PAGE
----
Juntendo Medical Journal
Online ISSN : 2188-2126
Print ISSN : 2187-9737
ISSN-L : 2187-9737
Advance online publication
Displaying 1-3 of 3 articles from this issue
  • WANHONG ZHANG, TOMOFUMI YAMAGUCHI, TOSHIYUKI FUJIWARA
    Article ID: JMJ23-0039-OA
    Published: 2024
    Advance online publication: June 15, 2024
    JOURNAL OPEN ACCESS ADVANCE PUBLICATION

    Objectives This study aimed to assess the effect of the spinal circuit of repetitive magnetic stimulation (rPMS) on the soleus muscle among healthy subjects.

    Methods Nineteen healthy adults were included in this study. Intermittent rPMS was applied to the left soleus muscle for 20 minutes. We applied different intensity rPMS (high-intensity, low-intensity, and non-stimulation) in different three days. RI (reciprocal inhibition) from the tibialis anterior to the soleus muscle with an inter-stimulus interval (ISI) of 2ms and 20ms was assessed before, immediately after and 30 minutes at each session.

    Results Two factor repeated measure ANOVA test showed a significant interaction (F2,33 = 9.688, p < 0.001) between tasks and time in the RI ratio 2ms. Post-hoc analysis showed that RI ratio 2ms significantly differed from those immediately after, and 30 min after high-intensity rPMS (p = 0.001 and p = 0.003, respectively). A significant difference was observed between high-intensity rPMS and non-stimulation immediately after the stimulation (p = 0.003). However, no significant difference was found in the RI ratio 20ms between all the intensities (p > 0.05).

    Conclusion This study demonstrates that high-intensity rPMS can effectively modulate spinal circuits, as evidenced by the decreased RI in healthy individuals. This suggests the potential use of rPMS as a therapeutic intervention for patients with muscle weakness. Disinhibition of the RI may lead to a more effective contraction of the target muscle. This effect could be expected to strengthen the muscles and alleviate paralysis, making it a promising avenue for future research and clinical applications in the field of rehabilitation. Further investigation is warranted to explore the precise mechanisms underlying the observed effects and to optimize the parameters of rPMS for specific clinical populations.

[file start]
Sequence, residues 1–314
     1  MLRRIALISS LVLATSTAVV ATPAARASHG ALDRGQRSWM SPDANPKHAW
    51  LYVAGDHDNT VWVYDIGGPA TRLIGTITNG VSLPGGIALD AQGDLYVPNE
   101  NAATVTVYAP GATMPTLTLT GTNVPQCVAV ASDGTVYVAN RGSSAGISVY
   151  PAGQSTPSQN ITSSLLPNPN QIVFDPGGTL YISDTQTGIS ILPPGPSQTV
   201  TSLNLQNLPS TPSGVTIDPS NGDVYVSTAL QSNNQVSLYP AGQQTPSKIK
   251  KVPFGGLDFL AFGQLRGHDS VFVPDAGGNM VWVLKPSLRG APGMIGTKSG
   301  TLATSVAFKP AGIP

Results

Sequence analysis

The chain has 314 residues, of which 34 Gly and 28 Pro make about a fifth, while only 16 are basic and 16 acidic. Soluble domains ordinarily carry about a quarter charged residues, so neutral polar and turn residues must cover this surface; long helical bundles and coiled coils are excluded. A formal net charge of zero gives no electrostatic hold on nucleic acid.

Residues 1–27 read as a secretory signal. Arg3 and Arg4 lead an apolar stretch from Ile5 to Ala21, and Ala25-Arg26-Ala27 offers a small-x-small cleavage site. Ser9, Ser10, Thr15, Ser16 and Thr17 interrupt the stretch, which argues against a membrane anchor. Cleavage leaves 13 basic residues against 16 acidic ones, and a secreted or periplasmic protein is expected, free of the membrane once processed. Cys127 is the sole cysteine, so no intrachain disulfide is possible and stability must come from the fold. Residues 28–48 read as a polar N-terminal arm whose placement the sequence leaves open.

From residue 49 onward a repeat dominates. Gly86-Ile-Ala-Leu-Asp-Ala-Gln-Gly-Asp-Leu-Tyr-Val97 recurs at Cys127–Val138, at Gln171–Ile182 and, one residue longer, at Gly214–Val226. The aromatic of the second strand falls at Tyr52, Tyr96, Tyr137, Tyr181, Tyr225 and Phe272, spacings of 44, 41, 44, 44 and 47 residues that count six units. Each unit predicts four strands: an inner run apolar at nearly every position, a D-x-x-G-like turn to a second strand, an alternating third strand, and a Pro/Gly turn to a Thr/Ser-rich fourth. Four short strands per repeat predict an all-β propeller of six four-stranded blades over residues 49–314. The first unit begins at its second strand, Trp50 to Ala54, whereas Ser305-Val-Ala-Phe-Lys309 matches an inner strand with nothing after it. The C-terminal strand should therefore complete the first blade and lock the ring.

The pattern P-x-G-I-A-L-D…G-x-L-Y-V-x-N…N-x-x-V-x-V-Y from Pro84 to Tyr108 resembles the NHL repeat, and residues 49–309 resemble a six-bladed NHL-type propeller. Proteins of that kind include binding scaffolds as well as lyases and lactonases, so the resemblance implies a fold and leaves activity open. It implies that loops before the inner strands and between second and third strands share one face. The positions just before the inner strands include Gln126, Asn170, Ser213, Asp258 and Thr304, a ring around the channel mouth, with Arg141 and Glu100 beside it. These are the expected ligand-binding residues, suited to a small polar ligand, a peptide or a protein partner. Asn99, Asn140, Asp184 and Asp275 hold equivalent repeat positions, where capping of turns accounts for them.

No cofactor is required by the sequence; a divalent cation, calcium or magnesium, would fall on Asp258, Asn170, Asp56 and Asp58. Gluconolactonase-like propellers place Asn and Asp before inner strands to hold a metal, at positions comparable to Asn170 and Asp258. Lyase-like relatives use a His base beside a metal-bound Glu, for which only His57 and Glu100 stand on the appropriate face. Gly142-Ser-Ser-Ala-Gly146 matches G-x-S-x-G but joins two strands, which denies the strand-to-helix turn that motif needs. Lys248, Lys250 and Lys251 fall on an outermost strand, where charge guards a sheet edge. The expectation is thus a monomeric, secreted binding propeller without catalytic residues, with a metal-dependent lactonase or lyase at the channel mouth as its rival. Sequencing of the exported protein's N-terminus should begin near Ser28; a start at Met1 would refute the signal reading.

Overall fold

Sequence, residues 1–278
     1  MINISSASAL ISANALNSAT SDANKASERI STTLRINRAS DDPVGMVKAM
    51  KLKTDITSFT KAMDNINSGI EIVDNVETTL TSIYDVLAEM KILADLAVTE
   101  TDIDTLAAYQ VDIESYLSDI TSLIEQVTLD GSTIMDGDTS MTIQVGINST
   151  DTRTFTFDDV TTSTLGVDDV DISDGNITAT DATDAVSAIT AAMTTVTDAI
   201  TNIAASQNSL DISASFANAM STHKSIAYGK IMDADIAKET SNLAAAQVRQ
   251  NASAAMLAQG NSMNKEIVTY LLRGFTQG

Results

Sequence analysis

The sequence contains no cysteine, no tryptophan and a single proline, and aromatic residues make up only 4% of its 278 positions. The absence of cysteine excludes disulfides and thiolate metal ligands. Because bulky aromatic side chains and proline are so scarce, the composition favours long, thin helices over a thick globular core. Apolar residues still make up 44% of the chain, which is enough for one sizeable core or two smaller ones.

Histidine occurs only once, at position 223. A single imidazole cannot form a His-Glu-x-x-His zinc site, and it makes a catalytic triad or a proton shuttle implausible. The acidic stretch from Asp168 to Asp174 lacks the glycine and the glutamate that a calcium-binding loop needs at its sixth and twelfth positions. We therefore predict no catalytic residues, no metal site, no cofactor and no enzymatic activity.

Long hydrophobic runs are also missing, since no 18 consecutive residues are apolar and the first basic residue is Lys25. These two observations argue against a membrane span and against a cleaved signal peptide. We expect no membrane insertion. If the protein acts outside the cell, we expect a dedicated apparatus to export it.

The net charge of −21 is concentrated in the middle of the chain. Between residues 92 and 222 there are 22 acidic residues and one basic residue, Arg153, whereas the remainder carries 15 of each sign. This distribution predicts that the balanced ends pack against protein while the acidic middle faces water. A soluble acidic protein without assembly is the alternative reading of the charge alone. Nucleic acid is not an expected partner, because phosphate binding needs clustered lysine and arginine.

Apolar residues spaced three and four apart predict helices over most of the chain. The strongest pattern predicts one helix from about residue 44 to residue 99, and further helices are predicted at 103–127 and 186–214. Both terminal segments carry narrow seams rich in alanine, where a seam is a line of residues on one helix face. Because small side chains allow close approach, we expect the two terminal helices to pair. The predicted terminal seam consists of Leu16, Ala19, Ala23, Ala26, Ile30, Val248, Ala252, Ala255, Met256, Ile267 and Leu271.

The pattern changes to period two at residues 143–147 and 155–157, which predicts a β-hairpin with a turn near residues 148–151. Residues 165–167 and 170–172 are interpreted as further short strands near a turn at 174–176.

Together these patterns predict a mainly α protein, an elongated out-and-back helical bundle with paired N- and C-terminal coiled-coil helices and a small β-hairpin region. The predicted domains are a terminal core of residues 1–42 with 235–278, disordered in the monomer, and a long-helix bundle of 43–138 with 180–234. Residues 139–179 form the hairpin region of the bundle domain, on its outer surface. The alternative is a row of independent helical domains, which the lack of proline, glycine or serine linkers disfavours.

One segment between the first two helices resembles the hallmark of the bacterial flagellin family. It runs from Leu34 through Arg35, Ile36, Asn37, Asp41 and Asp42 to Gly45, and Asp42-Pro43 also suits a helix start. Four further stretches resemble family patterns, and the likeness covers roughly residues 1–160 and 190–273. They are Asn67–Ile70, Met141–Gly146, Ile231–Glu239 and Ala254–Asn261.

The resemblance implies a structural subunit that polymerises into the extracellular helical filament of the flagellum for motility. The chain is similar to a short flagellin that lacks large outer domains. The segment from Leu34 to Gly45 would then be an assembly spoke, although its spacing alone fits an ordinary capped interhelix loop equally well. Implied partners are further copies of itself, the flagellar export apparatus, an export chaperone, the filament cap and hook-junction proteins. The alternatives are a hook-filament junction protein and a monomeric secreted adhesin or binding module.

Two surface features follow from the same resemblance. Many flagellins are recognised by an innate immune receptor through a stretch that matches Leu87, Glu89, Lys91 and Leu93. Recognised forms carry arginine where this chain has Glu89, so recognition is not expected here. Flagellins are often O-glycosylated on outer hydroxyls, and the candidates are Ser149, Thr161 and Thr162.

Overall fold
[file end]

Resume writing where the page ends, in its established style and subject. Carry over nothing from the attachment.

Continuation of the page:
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  • TATSUYA FUKASE, TOMOTAKA DOHI
    Article ID: JMJ24-0011-R
    Published: 2024
    Advance online publication: June 15, 2024
    JOURNAL OPEN ACCESS ADVANCE PUBLICATION

     In daily clinical practice, assessing anatomical findings and the presence or absence of ischemia is pivotal for determining the need for percutaneous coronary intervention. However, concurrently, comprehending vulnerability can greatly assist in predicting future cardiovascular events and formulating preventive strategies for individual patients. This review aims to describe the vulnerability of coronary artery plaques, primarily focusing on vulnerable plaques through pathological, morphological, and physiological viewpoints. Our review emphasizes the usefulness of coronary imaging modalities for the diagnosis of vulnerable plaques and the assessment of their rupture risk, as well as the possibility of percutaneous coronary intervention as a management strategy for plaque stabilization. Our findings show that there have been sporadic accounts of the potential of preventing cardiovascular events through early invasive treatments in patients with moderate or greater ischemia and utilizing new-generation stents to seal lipid core plaques. Thus, it is anticipated that direct intervention targeting coronary plaques, coupled with strict low-density lipoprotein-cholesterol lowering therapy, can play a vital role in suppressing future cardiovascular events and archiving zero perioperative myocardial infarction.

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  • YUYA SAITO, SEINA YOSHIDA, RYO UEDA, ATSUSHI SENOO
    Article ID: JMJ23-0022-OA
    Published: 2023
    Advance online publication: November 29, 2023
    JOURNAL OPEN ACCESS ADVANCE PUBLICATION

    Objectives To elucidate physiological changes in the brain caused by rapid reading, we herein focused on brain areas related to language processing and reading comprehension and memory processes and evaluated changes in neural activities associated with reading speed and comprehension using functional magnetic resonance imaging (fMRI).

    Materials This study included 23 nonrapid and 23 rapid readers matched for age, gender, and handedness. T1 weighted image and fMRI were acquired using 3T MRI.

    Methods The neural activity was compared between nonrapid and rapid readers using fMRI. The correlation between neural activity and reading speed and comprehension was also determined.

    Results The neural activities of rapid readers were significantly lower in Wernicke’s and Broca’s areas, left angular and supramarginal gyri, and hippocampus. Furthermore, reading speed was negatively correlated with neural activities in these areas. Conversely, reading comprehension was negatively correlated with the neural activities in the left angular gyrus.

    Conclusions Rapid readers exhibited reduced language processing, including phonological transformation, analysis, inner speech, semantic and syntactic processes, and constant reading comprehension during rapid reading.

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